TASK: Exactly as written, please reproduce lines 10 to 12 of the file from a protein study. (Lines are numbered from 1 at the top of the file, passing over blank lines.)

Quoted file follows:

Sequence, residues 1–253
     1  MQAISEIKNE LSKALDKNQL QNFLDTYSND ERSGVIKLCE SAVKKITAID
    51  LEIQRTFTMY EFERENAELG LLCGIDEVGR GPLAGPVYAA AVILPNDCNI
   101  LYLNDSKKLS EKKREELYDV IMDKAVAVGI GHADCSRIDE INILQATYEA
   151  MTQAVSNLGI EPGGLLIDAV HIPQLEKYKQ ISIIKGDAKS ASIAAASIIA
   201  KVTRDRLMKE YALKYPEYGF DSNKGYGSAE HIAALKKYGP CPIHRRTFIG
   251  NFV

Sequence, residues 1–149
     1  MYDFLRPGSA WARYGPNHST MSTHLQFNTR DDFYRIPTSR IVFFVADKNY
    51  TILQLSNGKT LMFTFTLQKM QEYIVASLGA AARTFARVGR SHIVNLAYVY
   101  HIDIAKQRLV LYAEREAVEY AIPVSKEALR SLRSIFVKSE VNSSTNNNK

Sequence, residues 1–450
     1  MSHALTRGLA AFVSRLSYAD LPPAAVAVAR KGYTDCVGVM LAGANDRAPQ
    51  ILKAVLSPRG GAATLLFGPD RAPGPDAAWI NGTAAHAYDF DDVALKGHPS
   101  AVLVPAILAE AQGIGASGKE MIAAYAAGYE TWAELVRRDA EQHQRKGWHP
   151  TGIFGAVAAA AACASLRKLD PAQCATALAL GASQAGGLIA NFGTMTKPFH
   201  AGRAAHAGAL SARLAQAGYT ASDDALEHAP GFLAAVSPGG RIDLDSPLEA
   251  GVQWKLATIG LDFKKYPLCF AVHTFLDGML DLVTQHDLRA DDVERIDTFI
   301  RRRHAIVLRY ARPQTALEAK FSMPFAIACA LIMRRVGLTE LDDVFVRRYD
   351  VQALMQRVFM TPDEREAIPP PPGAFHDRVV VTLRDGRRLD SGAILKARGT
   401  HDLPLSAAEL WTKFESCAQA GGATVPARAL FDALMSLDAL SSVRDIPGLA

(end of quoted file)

    51  TILQLSNGKT LMFTFTLQKM QEYIVASLGA AARTFARVGR SHIVNLAYVY
   101  HIDIAKQRLV LYAEREAVEY AIPVSKEALR SLRSIFVKSE VNSSTNNNK

Sequence, residues 1–450